One week after severe flooding in Natrona County, FEMA announces it will assess damage
On the evening of Thursday, June 15, Casper city workers warned that bad flooding may occur when the rain started. They were not wrong. The combination of rain and melting snow created flash floods.
“We had one house we're aware of, that actually floated off its foundation,” said Casper Mayor Bruce Knell. “We had to close some underpasses for some time, over a 24-hour period.”
Knell said the city declared a disaster on Friday, June 16, which was the second day of rain. Natrona County followed 20 minutes or so afterwards. He said this was done to help free up some funding as quickly as possible for those affected.
“Because with that disaster declaration, their insurance told them that they will kick in, and we'll start helping them. So, I think that's helpful,” Knell said.
On Friday, June 23, a week after the storms, the Federal Emergency Management Agency (FEMA) announced they will come in to conduct damage assessments. Those assessments will help determine the extent of the damage and the amount federal support the area will need.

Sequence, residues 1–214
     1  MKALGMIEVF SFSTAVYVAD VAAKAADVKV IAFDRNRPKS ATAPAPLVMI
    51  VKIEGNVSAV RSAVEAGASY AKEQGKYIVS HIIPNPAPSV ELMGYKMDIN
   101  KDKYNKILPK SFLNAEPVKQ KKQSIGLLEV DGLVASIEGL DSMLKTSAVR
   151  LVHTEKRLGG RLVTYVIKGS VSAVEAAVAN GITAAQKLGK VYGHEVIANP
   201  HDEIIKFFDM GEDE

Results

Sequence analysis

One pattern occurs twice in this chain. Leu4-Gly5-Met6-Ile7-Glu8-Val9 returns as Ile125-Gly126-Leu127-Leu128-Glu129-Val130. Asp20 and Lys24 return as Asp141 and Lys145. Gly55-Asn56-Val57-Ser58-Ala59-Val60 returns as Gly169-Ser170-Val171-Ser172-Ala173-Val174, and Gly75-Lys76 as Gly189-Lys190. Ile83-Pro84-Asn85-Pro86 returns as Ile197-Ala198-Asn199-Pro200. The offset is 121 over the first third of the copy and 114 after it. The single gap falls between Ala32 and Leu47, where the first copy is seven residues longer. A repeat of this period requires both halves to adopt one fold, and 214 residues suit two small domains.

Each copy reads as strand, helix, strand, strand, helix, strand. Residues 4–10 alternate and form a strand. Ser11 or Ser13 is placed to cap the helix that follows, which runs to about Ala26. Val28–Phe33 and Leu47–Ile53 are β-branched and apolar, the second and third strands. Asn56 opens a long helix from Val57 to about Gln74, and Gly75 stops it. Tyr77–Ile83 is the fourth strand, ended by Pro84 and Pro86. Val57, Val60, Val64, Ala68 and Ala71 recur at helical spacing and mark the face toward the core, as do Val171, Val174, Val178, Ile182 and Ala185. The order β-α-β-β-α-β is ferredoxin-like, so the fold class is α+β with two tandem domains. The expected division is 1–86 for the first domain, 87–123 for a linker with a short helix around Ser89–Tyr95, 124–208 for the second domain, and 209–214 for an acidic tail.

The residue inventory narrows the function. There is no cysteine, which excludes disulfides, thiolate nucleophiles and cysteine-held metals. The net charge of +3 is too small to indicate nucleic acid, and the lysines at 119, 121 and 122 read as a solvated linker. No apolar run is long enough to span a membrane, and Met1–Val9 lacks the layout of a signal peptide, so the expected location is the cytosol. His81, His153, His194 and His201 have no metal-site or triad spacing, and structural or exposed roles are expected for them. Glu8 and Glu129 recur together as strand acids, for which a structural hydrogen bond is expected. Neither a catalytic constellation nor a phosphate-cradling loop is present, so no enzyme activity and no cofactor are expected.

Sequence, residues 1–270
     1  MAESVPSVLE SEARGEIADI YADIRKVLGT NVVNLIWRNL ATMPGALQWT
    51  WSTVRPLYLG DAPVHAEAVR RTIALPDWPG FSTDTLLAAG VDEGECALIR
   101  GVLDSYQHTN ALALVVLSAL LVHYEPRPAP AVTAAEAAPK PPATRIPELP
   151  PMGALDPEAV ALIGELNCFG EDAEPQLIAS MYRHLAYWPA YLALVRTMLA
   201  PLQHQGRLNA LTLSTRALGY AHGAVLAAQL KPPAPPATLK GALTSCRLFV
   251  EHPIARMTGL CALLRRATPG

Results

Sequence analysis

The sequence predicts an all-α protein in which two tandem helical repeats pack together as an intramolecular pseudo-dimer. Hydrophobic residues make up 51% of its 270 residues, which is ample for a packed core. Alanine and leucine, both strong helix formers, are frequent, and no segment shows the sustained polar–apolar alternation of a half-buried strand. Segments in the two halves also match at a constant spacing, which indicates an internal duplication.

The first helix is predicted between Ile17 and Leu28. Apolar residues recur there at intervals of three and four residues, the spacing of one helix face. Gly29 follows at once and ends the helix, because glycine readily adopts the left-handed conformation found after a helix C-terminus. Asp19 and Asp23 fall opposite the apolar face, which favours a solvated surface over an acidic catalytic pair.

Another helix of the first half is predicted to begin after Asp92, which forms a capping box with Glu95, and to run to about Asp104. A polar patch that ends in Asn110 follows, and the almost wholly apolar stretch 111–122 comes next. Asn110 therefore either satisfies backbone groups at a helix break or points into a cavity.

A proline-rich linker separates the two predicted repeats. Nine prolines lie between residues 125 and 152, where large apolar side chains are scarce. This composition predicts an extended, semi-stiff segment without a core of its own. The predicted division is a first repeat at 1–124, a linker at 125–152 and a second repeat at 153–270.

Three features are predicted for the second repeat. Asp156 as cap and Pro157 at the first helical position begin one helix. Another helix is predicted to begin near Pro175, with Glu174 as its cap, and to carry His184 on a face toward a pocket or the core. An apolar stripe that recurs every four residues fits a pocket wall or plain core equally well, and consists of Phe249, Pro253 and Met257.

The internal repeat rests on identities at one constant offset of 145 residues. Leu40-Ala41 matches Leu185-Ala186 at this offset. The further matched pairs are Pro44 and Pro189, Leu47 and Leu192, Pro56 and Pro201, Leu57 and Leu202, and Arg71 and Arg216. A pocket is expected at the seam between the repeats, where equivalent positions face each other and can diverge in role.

This past winter’s heavy snowfall melting combined with heavy rain created the severe flooding.
“We haven't seen flooding like this in the Natrona County area in almost 100 years. So it's certainly an anomaly. Our weather patterns are definitely changing,” he said.
Knell said the weather is returning to what it was like in the 70s, but now ”we have more people. Now we have bigger populations and more strain on the services. And so when something like this happens, that can be rather disastrous.”
The city and county is asking those who were impacted by flooding in any way to let them know so governments can better ascertain the damage.